AJ 2019 Suffrage Issue

NEW RESEARCH, INTERVIEW, PODCAST: Nancy C. Unger, “Legacies of Belle La Follette’s Big Tent Campaign for Women’s Suffrage”

Women's Suffrage and the Media, Special Issue, American Journalism, Spring 2019

Era: Post-Suffrage Era, Suffrage Era | Media: Academic Journal, Author Interview, Book-Non-Fiction, Radio/Audio, Web-based

Nancy C. Unger analyzes of the “big tent” yet “Janus-faced” suffrage arguments promoted by Bella La Follette in the pages of La Follette’s Magazine, demonstrates how, over two decades at the start of the twentieth century, La Follette deftly melded social justice and expediency arguments with the aim of attracting as diverse an array of suffrage supporters as possible. This included La Follette’s willingness to chide middle class white suffragists for their overt racism. While Unger concludes that the wide-ranging arguments of La Follette and others helped bring the Nineteenth Amendment to fruition, “they also reinforced lasting cultural, political, economic, ideological, and social differences between the sexes and among women. Listen to this podcast from the Journalism History site of Dr. Unger talking about her article, links to which are below. Taylor & Francis has opened access for the period April 15 to July 15, 2019.

Pages: 51-70
Published online: 11 Apr 2019

(This page will take you to all the synopses of articles in American Journalism’s special issue, “Women’s Suffrage and the Media.”)

Here below, Dr. Unger  responds to the questions: What prompted you to choose this topic and what surprised or fascinated you as you conducted your research?

“As a scholar of the long Gilded Age and Progressive Era, I have long been fascinated by the progressive reform tradition coming out of the Midwest.  After writing Fighting Bob La Follette: The Righteous Reformer (University of North Carolina Press, 2000; Wisconsin Historical Society Press, 2008), I turned my attention to Bob La Follette’s wife, Belle Case La Follette (1859-1931).  Belle La Follette: Progressive Era Reformer (Routledge 2016) was the result.  I admire this married couple’s lifelong dedication to reform.  She, for example, was not only a journalist, outspoken proponent of civil rights, and ardent advocate of world peace and disarmament, but also a leader in the women’s suffrage movement.  However, some of her activism, especially her “big tent” approach to the latter, gave me pause.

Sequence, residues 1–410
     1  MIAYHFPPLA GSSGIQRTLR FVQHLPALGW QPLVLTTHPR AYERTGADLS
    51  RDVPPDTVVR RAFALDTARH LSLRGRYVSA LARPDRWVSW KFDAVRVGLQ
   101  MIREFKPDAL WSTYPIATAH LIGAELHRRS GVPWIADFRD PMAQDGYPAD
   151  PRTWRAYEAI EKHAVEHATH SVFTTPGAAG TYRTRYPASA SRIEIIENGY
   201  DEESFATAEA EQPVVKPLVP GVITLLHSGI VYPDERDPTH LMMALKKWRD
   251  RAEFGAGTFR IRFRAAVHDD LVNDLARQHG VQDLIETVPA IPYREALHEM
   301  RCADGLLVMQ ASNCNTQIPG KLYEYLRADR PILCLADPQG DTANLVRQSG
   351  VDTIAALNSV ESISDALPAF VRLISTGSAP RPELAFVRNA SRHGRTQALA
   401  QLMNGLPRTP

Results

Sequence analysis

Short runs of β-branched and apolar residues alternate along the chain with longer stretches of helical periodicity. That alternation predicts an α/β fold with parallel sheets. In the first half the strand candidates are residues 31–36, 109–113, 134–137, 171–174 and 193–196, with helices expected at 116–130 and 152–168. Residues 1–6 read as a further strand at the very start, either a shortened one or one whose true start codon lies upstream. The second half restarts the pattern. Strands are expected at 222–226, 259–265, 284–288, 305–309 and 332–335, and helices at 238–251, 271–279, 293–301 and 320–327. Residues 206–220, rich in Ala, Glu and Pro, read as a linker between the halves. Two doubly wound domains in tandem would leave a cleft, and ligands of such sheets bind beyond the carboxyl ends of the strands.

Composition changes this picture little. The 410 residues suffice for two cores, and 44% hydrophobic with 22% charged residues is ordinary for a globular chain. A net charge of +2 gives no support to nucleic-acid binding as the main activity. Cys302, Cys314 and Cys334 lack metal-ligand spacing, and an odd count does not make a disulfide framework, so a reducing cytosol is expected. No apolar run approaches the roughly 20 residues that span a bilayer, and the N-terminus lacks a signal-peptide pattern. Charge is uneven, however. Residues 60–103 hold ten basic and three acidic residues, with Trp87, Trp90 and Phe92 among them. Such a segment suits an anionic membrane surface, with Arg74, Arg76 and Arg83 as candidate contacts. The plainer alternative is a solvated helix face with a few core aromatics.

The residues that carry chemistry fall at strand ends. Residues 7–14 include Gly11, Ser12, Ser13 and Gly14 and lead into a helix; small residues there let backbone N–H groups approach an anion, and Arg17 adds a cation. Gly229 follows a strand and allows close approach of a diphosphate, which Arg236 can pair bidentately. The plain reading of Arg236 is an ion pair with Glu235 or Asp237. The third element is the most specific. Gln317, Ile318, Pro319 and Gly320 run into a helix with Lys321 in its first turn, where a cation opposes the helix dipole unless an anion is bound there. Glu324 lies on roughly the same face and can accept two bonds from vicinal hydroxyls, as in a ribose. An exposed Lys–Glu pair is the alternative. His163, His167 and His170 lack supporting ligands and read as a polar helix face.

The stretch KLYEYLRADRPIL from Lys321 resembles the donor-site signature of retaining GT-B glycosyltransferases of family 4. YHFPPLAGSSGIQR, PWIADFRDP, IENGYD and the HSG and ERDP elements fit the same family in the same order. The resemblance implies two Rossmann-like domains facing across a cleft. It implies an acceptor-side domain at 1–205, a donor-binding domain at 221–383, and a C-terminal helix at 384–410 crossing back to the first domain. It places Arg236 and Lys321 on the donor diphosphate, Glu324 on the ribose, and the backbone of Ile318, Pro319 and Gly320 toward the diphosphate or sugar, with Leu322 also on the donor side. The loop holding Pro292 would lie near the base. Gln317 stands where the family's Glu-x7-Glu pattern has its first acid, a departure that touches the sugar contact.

“Belle La Follette used mutually exclusive arguments to promote women’s suffrage.  Even as she made feminist appeals for suffrage, advocating equality of the sexes, she also used traditional gendered arguments, presenting women as qualified to vote by virtue of their domestic natures.  By combining these approaches she (and others like her) certainly brought a wide-ranging set of supporters to the cause—but at what price?”

“It is discouraging to me that even today, some of the old arguments espoused by La Follette, that women are naturally more domestic and altruistic than men, still contribute to society’s disparate treatment of the sexes.  So I think it’s important for groups seeking reforms or a particular candidate’s election to ponder such questions as: Do the ends justify the means?  Do the reasons matter why a reform or candidate gain support, or should gaining support be the sole consideration?  What unintended consequences can result from promoting a contradictory campaign, especially a winning one?  What’s the risk of not promoting an argument that could enhance the chance for victory?

Despite my criticisms of some of La Follette’s tactics, in the process of research this article, I was impressed all over again by the breadth and depth of her dedication to reform based in democratic principles.  Even as she was fighting for women’s suffrage, I was particularly struck by this white woman’s equally intense efforts to combat efforts by the Woodrow Wilson administration to racially segregate Washington, DC.  The African-American community responded with enthusiasm and gratitude.  African-American activist Nannie Helen Burroughs hailed La Follette as “the successor of Harriet Beecher Stowe,” and lawyer James Hayes told La Follette, “We thank God for such a white woman as you. We thank God for sending you to us and we thank you for coming. A few more like you would awaken the sleeping conscience of the nation.”  Despite my concerns about some of her tactics, I find her an inspiring example of a person truly dedicated to uplifting all Americans.”

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